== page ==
Bridging the Concepts of Educational Software and Assistive Technology

Bridging the Concepts of Educational Software and Assistive Technology

Stefania Bocconi (Istituto per le Tecnologie Didattiche (CNR), Italy) and Michela Ott (Istituto per le Tecnologie Didattiche (CNR), Italy)
DOI: 10.4018/978-1-4666-6102-8.ch010
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The chapter looks at the educational resources available for students with disabilities. It aims at defining the boundaries and interconnections between the concepts of assistive technologies and educational software, starting from the consideration that students with disabilities could highly benefit from the adoption of both these categories of tools. Here the question arises of whether educational software products can be considered per se as assistive devices or, if not, under which conditions. The chapter explores the matter, with the specific objective of providing teachers and educators with a conceptual key to properly explore the specific databases containing information on the educational available tools and, finally, to find the needed, suitable material for students with disabilities. The creation of the European ETNA portal for assistive technologies represented the occasion for starting the reflections reported in this chapter and for defining a specific methodology for the introduction of educational software in disability-related databases. The ETNA portal itself, whose aims and foundations are also briefly described, coherently instantiates the adopted methodology by referring to the emerging concept that educational software can be considered and adopted as an assistive device for learning, provided that it meets key accessibility requirements and/or that specific practices with disabled students are fully documented and reported.
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It is very important that teachers and educators of students with disabilities are able to take an informed decision about the products to be adopted in their educational practice (Ribeiro et al., 2010). To this aim, they have at their disposal a variety of educational databases and catalogues that can provide them with suitable and exhaustive information about the available products and, their relevant features. But guidance on how to make this choice is still needed and some inter-related concepts are to be clarified; for instance, a clarification on the concepts of Educational Software and of Assistive Technologies (AT) is required (Stumbo et al., 2009). Are these concepts fully detached and divergent or to some extent overlapping? Should we consider all educational software products as educational aids able to help, sustain and foster learning? For which types of students with disabilities this is true? Should the teacher of students with disability solely rely on the use of educational software products or should they also look for assistive technologies allowing the use of software packages?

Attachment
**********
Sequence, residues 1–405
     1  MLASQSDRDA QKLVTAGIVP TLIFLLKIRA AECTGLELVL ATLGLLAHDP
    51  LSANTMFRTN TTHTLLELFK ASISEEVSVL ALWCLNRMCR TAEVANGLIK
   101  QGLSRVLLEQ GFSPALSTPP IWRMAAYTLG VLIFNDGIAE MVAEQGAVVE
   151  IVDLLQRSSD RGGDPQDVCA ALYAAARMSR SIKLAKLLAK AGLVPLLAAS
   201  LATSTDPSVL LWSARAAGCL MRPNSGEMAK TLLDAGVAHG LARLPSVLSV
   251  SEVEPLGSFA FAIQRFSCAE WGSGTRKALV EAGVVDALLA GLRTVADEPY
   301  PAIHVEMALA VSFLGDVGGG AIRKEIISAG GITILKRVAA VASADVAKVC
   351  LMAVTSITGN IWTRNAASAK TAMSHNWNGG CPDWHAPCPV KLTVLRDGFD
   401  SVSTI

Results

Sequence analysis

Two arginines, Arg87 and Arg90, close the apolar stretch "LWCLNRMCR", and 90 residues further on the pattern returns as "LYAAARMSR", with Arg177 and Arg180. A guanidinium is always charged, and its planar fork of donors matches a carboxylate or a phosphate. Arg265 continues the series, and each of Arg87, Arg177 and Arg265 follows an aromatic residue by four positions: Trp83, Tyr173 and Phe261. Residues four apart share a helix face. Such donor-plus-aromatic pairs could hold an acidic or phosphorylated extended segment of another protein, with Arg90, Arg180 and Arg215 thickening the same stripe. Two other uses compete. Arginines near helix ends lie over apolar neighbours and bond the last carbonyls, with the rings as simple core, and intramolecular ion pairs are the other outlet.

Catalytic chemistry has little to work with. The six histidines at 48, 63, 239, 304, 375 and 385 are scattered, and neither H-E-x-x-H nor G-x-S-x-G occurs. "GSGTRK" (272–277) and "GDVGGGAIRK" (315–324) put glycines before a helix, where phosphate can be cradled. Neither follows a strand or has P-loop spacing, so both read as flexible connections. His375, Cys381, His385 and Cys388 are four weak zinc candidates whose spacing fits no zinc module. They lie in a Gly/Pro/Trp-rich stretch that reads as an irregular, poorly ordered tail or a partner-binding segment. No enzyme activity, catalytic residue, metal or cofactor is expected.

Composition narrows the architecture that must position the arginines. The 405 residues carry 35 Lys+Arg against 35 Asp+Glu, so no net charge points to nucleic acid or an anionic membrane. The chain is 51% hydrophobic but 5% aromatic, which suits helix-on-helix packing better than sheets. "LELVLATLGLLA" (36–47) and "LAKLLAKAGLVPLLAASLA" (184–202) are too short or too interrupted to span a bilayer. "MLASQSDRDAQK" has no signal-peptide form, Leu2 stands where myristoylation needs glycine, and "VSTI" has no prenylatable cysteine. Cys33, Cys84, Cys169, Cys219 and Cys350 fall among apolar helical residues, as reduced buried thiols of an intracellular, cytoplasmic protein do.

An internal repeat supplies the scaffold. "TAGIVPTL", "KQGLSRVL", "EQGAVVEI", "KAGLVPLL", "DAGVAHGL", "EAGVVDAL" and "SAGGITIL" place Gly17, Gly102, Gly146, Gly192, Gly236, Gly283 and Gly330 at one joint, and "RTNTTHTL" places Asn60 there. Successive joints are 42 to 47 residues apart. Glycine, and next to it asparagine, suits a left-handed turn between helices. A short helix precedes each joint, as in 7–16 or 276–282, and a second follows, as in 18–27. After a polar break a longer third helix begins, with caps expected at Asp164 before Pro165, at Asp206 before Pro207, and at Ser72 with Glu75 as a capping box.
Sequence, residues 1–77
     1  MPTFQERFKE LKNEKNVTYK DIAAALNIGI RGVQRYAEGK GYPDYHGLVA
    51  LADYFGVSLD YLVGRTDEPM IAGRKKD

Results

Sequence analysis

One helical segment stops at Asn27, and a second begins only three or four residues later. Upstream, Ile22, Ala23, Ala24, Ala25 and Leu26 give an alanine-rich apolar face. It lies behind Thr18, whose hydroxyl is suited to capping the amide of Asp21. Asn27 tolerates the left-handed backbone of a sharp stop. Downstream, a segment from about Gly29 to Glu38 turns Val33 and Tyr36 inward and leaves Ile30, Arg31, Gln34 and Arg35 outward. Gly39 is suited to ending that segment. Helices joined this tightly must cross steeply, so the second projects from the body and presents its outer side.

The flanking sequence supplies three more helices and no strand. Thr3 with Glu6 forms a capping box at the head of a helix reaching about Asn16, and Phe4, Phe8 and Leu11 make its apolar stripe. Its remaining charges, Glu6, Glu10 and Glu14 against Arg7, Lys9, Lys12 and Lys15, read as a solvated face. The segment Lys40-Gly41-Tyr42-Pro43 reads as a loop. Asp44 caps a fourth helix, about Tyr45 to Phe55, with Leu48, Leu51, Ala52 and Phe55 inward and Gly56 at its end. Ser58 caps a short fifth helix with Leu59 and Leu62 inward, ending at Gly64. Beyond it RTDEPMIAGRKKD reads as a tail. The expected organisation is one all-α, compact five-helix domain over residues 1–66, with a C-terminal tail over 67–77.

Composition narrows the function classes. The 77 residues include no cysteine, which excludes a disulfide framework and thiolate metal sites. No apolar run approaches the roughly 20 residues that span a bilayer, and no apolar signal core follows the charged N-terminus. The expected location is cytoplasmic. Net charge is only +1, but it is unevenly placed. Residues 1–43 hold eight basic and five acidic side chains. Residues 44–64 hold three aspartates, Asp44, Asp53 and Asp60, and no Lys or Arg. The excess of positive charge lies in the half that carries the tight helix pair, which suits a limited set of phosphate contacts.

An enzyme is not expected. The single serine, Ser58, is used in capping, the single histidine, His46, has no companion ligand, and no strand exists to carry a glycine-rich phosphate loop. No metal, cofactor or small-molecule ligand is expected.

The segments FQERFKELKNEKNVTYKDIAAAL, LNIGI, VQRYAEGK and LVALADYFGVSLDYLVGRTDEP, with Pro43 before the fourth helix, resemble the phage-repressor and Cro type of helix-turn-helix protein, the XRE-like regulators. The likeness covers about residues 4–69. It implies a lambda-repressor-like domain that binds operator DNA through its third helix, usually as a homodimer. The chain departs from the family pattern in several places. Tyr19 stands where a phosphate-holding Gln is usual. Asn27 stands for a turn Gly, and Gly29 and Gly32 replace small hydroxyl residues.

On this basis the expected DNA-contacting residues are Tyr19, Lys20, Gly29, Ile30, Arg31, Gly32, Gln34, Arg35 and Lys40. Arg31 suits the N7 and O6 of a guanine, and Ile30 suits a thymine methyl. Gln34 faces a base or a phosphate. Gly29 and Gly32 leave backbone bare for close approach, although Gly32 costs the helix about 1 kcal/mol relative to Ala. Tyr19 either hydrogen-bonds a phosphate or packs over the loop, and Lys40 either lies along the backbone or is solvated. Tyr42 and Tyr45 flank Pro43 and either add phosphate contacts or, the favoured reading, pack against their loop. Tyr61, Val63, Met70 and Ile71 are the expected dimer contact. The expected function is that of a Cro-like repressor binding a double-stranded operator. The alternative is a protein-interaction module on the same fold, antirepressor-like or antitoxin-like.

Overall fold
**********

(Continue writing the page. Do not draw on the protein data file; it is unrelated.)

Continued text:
From the very beginning (around years 1995-98) of the EU community efforts to build up a database of assistive technology products with the HANDYNET database in the framework of the “HELIOS programme1,” educational software products were included in the archives and fully considered assistive devices for education.

As a matter of fact, the use of appropriate educational software products (i.e. all ICT-based products expressly designed for educational purposes, aimed to sustain and enhance learning/teaching processes) can highly enhance the learning possibilities of students with disabilities (Dettori & Ott, 2003).

Unfortunately, in contrast with the widespread principle of e-inclusion (UNESCO, 2005) and of Universal Access to education (Ott, 2011), the use of such digital resources can be challenging for some students with disabilities (Klironomos et al., 2006). Nowadays this aspect assumes increased relevance, since the newest software products rely more and more on images, motion, voice, special effects, three- dimensionality, leaving aside the basic principles of Universal Design (Burgstahler, 2006), hence preventing students with special needs from using the same materials as their schoolmates. This dramatically limits their educational opportunities and, finally, contributes to their “exclusion” (Benigno, Bocconi, & Ott, 2007). The availability of dedicated tools and devices such as special keyboards, screen readers, speech synthesizers, etc. plays major role in widening access to software products but per se doesn’t completely solve the problems related to the huge variety of different accessibility problems that can be encountered (Croasdaile et al., 2011; Hitchcock & Stahl, 2003).

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